Letters to the Editor: A new tax on wealthy Californians tells job creators in other states to stay out

California Capitol building
The California Capitol in Sacramento is shown. Assemblyman Miguel Santiago (D-Los Angeles) has called for a new tax on the richest Californians.
( Los Angeles Times)

To the editor: Columnist Nicholas Goldberg does not account for an important fact about the newest proposed tax increase on the wealthiest Californians: It would affect people outside the state.

My wife has been asking me for years to move to California, but all of my advisors are pushing hard against it. I looked at starting in California the kind of small but successful businesses that I have in the past, and the expense and regulatory burden was formidable. Add the tax burden, and it made a really difficult argument for your state.

Government does not create wealth — workers do, and all government can do is redistribute it. More efficient governments win. Continuous tax increases cannot succeed.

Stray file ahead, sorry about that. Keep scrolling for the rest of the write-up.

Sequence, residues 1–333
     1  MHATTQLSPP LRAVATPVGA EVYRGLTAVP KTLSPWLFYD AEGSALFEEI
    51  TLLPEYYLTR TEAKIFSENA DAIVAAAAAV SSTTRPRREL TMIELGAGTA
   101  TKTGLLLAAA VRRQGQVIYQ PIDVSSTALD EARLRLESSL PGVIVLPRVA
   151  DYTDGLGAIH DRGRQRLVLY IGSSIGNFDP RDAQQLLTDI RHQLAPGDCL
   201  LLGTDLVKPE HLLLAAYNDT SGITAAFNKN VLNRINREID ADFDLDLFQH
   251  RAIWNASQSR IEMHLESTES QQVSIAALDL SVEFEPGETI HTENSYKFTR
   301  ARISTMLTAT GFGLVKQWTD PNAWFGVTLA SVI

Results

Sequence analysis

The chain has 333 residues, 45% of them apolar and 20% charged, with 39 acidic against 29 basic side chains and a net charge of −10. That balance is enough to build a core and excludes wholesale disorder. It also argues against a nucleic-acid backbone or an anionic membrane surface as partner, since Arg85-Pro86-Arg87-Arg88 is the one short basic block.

Jan Otto, Denver


To the editor: I couldn’t agree more with Goldberg. The amount of “lost” income for the state’s highest earners would hardly be a blip on their balance sheets compared to the state’s need for resources to combat poverty, homelessness and other inequities.

If not taxes, then what? Let the less fortunate roam the streets? What kind of society would we become if we are resistant to stepping up during the most difficult of times?

As a longtime L.A. Times subscriber, I see your real estate supplement that features dozens of listings of homes on the market for many millions of dollars, and for rental fees as high as $25,000 per month. Wealthy buyers swoop in to acquire these properties, while just miles away there can be found people living on the streets.

Rick Cohen, Avila Beach, Calif.